Format

Send to

Choose Destination
Mol Psychiatry. 2016 Dec;21(12):1680-1689. doi: 10.1038/mp.2016.164. Epub 2016 Oct 11.

Partitioning heritability analysis reveals a shared genetic basis of brain anatomy and schizophrenia.

Author information

1
Psychiatric and Neurodevelopmental Genetics Unit, Center for Human Genetic Research, Massachusetts General Hospital, Boston, MA, USA.
2
Stanley Center for Psychiatric Research, Broad Institute of MIT and Harvard, Cambridge, MA, USA.
3
Department of Psychiatry, Harvard Medical School, Boston, MA, USA.
4
Schizophrenia and Bipolar Disorder Program, Psychotic Disorders Division, McLean Hospital, Belmont, MA, USA.
5
Athinoula A Martinos Center for Biomedical Imaging, Massachusetts General Hospital/Harvard Medical School, Charlestown, MA, USA.
6
Department of Psychology, Yale University, New Haven, CT, USA.
7
Imaging Genetics Center, Stevens Neuroimaging and Informatics Institute, Keck School of Medicine, University of Southern California, Marina del Rey, CA, USA.
8
Department of Pediatrics, Division of Systems Medicine, Stanford University, Stanford, CA, USA.
9
Harvard Graduate School of Education, Cambridge, MA, USA.
10
Centre for Advanced Imaging, University of Queensland, Brisbane, QLD, Australia.
11
Faculty of Health and Institute of Health and Biomedical Innovation, Queensland University of Technology (QUT), Brisbane, QLD, Australia.
12
Queensland Institute of Medical Research (QIMR) Berghofer, Brisbane, QLD, Australia.
13
Queensland Brain Institute, University of Queensland, Brisbane, QLD, Australia.
14
Department of Psychology and Center for Brain Science, Harvard University, Cambridge, MA, USA.
15
Schizophrenia Clinical and Research Program, Massachusetts General Hospital, Boston, MA, USA.

Abstract

Schizophrenia is a devastating neurodevelopmental disorder with a complex genetic etiology. Widespread cortical gray matter loss has been observed in patients and prodromal samples. However, it remains unresolved whether schizophrenia-associated cortical structure variations arise due to disease etiology or secondary to the illness. Here we address this question using a partitioning-based heritability analysis of genome-wide single-nucleotide polymorphism (SNP) and neuroimaging data from 1750 healthy individuals. We find that schizophrenia-associated genetic variants explain a significantly enriched proportion of trait heritability in eight brain phenotypes (false discovery rate=10%). In particular, intracranial volume and left superior frontal gyrus thickness exhibit significant and robust associations with schizophrenia genetic risk under varying SNP selection conditions. Cross-disorder comparison suggests that the neurogenetic architecture of schizophrenia-associated brain regions is, at least in part, shared with other psychiatric disorders. Our study highlights key neuroanatomical correlates of schizophrenia genetic risk in the general population. These may provide fundamental insights into the complex pathophysiology of the illness, and a potential link to neurocognitive deficits shaping the disorder.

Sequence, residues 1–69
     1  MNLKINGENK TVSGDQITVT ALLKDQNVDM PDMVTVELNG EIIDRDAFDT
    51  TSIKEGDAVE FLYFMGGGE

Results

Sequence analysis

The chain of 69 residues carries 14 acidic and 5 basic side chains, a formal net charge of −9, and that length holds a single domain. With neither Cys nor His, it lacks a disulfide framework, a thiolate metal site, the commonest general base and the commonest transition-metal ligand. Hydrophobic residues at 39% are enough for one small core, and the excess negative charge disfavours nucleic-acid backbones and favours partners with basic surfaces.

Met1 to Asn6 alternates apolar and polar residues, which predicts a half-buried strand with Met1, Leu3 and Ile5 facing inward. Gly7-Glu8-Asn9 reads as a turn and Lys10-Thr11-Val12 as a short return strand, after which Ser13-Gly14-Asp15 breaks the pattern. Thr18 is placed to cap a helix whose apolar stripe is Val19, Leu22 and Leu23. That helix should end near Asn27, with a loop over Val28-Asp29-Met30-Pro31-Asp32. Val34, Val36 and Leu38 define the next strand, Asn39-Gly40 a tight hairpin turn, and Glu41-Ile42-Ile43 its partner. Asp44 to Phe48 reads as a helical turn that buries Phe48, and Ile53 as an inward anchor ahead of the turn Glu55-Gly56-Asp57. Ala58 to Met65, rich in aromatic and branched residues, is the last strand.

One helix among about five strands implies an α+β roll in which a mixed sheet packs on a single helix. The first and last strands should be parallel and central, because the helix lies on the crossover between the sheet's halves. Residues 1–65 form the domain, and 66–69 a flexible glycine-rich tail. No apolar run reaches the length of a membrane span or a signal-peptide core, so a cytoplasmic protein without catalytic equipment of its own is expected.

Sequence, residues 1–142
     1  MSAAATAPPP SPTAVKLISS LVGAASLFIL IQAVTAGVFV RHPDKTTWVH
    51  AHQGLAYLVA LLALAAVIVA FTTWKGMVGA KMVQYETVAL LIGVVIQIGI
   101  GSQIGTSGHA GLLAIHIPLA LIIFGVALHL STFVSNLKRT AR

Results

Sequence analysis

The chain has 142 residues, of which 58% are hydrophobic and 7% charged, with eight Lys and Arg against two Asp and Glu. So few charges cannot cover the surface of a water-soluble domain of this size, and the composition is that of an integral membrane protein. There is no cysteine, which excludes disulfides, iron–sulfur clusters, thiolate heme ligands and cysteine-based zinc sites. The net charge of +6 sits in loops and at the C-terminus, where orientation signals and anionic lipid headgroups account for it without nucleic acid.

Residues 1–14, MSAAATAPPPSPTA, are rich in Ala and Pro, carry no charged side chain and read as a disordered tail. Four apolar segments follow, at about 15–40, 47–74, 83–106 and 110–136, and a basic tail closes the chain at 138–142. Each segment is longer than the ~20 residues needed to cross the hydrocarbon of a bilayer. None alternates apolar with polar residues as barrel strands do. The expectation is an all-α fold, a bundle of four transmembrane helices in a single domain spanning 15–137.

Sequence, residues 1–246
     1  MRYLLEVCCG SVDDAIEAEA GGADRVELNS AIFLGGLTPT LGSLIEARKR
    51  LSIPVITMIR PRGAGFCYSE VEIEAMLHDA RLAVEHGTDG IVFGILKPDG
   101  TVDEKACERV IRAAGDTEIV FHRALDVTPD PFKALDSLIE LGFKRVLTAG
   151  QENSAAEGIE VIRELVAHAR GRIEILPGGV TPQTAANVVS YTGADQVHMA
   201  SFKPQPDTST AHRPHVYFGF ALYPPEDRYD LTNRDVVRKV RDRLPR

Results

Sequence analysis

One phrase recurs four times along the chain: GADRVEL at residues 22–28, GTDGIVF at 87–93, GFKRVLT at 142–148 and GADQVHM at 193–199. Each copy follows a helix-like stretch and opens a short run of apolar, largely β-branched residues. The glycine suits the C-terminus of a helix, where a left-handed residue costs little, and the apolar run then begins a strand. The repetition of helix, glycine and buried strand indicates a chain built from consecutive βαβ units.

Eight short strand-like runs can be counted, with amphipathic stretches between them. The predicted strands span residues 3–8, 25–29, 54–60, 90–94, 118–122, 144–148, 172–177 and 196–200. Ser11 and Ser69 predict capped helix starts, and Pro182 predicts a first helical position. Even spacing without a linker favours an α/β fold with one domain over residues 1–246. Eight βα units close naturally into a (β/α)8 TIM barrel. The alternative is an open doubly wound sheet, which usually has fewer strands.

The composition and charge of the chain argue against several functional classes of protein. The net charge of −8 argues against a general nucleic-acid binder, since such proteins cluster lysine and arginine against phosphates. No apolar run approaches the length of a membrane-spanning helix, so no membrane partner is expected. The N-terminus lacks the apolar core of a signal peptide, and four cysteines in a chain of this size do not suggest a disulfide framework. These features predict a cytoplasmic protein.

PMID:
27725656
PMCID:
PMC5144575
DOI:
10.1038/mp.2016.164
[Indexed for MEDLINE]
Free PMC Article

Supplemental Content

Full text links

Icon for Nature Publishing Group Icon for PubMed Central
Loading ...
Support Center